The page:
By Louis Kuritzky, MD
Continuing Screening Mammography in Women Aged 70-79 Years
There has been no prospective, randomized, controlled trial that proves benefit for screening mammography (SM) in women older than age 70. In fact, pooled data from women older than 70 who had undergone SM in Sweden showed no reduction in breast cancer mortality. Numerous factors affect women of this age group, which have bearing upon trial analysis: 1) older women have a shorter life expectancy, reducing screening benefits; 2) women with low bone mineral density (BMD) have a demonstrated lower incidence of breast cancer, and this favorable proclivity can be easily determined; 3) ductal carcinoma in situ (DCIS) increases with age and among screened populations, but it does not appear to affect overall mortality; 4) it appears likely that older women will place higher value on present health status than future health status, which likely affects their therapeutic decision processes.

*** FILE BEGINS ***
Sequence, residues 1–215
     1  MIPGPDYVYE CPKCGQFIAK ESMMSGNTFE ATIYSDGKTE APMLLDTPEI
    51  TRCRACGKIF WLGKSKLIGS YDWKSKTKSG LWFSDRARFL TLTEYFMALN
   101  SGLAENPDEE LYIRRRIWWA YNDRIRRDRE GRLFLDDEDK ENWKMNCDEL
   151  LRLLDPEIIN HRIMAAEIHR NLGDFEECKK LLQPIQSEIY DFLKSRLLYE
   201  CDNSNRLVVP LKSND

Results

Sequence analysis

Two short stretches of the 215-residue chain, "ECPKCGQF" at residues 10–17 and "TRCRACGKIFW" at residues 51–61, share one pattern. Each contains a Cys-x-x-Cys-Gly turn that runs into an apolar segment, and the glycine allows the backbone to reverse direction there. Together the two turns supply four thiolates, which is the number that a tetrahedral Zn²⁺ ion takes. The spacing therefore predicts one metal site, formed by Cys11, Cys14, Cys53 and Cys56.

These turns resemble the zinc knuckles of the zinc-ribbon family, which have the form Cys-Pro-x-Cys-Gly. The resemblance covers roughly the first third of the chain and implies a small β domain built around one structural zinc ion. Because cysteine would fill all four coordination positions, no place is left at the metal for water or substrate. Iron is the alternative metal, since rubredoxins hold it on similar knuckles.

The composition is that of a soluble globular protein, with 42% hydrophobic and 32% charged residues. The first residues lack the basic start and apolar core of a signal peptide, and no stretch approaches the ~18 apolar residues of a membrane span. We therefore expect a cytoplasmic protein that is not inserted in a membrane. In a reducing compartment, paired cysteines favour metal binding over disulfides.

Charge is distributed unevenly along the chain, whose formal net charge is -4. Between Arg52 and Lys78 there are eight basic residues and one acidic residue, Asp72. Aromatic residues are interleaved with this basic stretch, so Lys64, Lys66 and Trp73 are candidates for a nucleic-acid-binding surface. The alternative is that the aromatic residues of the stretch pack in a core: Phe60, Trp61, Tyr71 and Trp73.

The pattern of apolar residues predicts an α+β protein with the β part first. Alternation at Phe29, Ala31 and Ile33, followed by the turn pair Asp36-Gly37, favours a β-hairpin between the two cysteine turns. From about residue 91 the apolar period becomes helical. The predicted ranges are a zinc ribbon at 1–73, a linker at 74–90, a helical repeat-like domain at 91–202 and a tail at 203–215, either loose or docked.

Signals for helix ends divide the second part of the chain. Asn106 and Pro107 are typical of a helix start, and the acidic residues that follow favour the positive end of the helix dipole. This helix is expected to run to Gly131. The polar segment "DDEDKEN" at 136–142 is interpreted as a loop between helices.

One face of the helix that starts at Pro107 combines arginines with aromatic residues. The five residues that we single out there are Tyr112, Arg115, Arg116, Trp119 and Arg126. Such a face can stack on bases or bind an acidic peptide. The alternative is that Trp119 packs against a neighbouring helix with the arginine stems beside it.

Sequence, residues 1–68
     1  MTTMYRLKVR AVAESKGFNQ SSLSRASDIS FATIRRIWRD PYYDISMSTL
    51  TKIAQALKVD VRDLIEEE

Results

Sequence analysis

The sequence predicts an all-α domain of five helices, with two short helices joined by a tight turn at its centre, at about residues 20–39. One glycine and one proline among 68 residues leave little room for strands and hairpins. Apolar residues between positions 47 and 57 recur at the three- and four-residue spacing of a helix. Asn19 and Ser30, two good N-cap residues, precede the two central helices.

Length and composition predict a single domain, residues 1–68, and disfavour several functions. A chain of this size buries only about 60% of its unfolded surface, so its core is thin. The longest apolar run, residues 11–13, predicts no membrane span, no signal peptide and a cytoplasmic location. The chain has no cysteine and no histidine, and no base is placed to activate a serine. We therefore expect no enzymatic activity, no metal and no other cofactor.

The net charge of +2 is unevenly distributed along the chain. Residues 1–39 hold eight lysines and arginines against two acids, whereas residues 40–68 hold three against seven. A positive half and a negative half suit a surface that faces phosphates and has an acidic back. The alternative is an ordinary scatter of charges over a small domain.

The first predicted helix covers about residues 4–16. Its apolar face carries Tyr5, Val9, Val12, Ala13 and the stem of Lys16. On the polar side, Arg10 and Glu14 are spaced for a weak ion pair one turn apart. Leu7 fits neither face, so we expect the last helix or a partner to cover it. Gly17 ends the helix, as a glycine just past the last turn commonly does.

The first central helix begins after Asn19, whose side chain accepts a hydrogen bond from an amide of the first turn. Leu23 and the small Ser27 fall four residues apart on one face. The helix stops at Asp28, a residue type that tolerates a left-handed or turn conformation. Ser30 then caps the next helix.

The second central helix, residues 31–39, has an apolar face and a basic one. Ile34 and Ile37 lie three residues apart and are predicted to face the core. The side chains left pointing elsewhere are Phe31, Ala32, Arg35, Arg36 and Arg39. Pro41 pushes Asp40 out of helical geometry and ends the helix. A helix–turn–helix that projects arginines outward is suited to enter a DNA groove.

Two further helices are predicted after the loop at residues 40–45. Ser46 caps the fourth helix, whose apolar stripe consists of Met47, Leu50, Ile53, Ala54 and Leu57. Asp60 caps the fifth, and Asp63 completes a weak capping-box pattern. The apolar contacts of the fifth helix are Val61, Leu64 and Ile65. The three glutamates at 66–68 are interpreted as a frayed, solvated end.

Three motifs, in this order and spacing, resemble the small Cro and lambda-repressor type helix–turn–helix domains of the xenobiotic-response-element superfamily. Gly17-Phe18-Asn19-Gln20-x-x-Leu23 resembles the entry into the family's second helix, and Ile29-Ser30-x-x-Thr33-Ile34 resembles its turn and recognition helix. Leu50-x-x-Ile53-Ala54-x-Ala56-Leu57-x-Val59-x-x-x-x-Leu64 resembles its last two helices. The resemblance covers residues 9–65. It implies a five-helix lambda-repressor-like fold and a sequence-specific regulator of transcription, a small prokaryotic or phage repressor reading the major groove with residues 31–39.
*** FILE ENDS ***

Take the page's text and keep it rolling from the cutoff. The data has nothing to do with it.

To address such issues, Kerlikowske and colleagues used a decision analysis comparing women who continue screening after age 69 vs. those who do not based upon a lower bone mineral density obtained at age 65.
The screening of all women until age 79 years was found to save 0.3 days of life per woman, compared with a strategy of checking BMD and deferring screening for women with low BMD. Using BMD to assess breast cancer risk at age 65 prior to screening mammography is more cost effective than screening all women through age 79.
Kerlikowske K, et al. JAMA 1999;282: 2156-2163.